I am a speech pathologist. I have worked in long term care for seventeen years. We are the discipline that provides much of the expertise that would lead to a discussion with loved ones (health care proxies in particular) so I have participated in this process countless times.
    I find this reporting to be reckless. It is the opposite of my experience. First of all, the woman whose mother recovered from a stroke and rehabilitated her muscles for safe swallowing was completely unrelated to the topic of advanced dementia and it’s deteriorating effect on all the systems of the body. Second of all, not one doctor I have ever worked with ever demonstrated any consideration for the ease of the j ob done by the certified nurses aide. Remember it Isn’t The doctor who sits and feeds patients, it’s the nurses aide or the therapists. when dementia reaches a stage at which the patient can no longer safely coordinate the actions necessary for adequate nutritional intake we discuss S a team, the options. We have a responsibility to be compassionate but also to be objective. It isn’t our right to make quality of life decisions. That is the role of loved ones and we educate them as such.
    I write like a clinician because this is my vocabulary as an expert. But I have a compassionate way of leading this discussion with family. I addition, we have never recommended gastroenteral tube for any patient with advanced dementia. Never. We hold the opposite viewpoint we were painted with in this careless reporting. Dn
    DON’T make extra money off a tube and it doesn’t make patient care easier. W develop relationships with our long term, advanced dementia patients. W know how many sugars they like in their tea and we know their grand hi deems names if not the grandchildren themselves. The suggestion that we would ever, as a medical team, not include family is ludicrous and I am quite sure not even allowed.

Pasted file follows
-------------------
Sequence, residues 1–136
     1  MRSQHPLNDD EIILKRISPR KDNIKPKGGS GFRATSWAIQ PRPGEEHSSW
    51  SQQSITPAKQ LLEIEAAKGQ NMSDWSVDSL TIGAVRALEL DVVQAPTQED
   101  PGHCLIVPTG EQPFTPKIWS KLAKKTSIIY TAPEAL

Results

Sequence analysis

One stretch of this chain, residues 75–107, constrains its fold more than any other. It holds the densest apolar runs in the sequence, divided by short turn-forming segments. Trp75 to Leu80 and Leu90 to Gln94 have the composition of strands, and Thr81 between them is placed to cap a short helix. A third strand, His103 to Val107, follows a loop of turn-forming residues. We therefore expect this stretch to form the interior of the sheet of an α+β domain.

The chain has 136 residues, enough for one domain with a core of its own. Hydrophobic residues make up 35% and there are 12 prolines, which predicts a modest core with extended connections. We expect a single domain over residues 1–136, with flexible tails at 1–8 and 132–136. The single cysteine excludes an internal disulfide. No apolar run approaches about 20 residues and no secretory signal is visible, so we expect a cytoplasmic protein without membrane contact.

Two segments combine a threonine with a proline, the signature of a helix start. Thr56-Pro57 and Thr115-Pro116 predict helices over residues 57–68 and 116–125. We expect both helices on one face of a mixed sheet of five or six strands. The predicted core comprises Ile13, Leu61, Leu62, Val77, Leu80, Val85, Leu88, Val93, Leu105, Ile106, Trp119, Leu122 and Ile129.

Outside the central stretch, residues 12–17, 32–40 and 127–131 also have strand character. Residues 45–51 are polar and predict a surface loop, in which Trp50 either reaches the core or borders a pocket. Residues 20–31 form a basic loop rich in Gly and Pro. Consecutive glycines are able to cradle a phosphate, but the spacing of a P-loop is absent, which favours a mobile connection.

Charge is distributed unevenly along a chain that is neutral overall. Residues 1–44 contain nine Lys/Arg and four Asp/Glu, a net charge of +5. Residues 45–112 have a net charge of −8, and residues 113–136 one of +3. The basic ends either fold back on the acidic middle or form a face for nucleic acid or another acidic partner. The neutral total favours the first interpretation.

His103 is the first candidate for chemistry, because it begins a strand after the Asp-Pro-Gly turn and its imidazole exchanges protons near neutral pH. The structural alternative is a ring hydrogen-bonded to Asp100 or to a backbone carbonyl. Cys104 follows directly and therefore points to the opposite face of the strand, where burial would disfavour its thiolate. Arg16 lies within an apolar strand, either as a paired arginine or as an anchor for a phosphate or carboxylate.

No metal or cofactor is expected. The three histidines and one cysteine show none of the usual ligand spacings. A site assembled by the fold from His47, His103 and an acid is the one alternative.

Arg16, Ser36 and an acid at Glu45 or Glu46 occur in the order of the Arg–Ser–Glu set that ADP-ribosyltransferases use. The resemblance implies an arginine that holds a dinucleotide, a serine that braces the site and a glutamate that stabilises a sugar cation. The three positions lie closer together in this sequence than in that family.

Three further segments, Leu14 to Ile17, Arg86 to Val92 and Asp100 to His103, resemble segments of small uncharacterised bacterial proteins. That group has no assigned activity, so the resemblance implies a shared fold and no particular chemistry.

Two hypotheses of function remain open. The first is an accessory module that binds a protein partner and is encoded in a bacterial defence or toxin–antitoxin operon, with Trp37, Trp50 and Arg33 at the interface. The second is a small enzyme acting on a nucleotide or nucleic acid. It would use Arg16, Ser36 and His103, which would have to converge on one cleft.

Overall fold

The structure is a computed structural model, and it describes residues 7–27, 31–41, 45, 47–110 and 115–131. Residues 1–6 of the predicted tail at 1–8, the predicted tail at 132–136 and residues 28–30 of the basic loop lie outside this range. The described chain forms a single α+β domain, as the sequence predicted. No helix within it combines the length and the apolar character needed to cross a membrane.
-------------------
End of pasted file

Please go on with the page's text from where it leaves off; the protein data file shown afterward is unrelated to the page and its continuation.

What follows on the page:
We generally don’t recommend a tube unless it will contribute to a better outcome. For example an adult whose stroke left them with limited control of their throat muscles for a period of months while they rehabilitate might be considered for a feeding tube to facilitate nutritional intake while keeping them free from pneumonia and free from the fear and pressure associated with eating under that circumstance. We are hyperaware of the risks involved, including a feeding tubes inability to prevent an aspiration pneumonia. Reflux leads to aspiration pneumonia in a measurable percentage of patients with feeding tubes. We care about easing the end of life as much as families and we take our responsibility to educate and counsel them with serious compassion.

    The most damaging thing this kind of reporting does is incite more doubt in the public about trusting caregivers. While these meetings often inspire a range of emotions from family our job is as much to help them understand the process as it is to present the options. If anything, doctors prefer not to use feeding tubes as options if they can avoid it and still maintain the patient’s safety.

    Remember, it takes a tremendous amount of genuine compassion to present families with any news about end of life considerations. It is not even necessarily the most troubling piece of that puzzle for families to put together. Sometimes families have their own dynamics that complicate the process for them. They can’t agree or can’t communicate about it. They might talk to people they know and trust instead of one of the people who actually care for their loved one and understand what is medically
    realistic. when families lose faith in the team of caregivers they are entrusting with their loved ones care, they tend to lose sight of their real struggle which should be focused on the mourning process that inevitably begins at this stage of dementia for these families.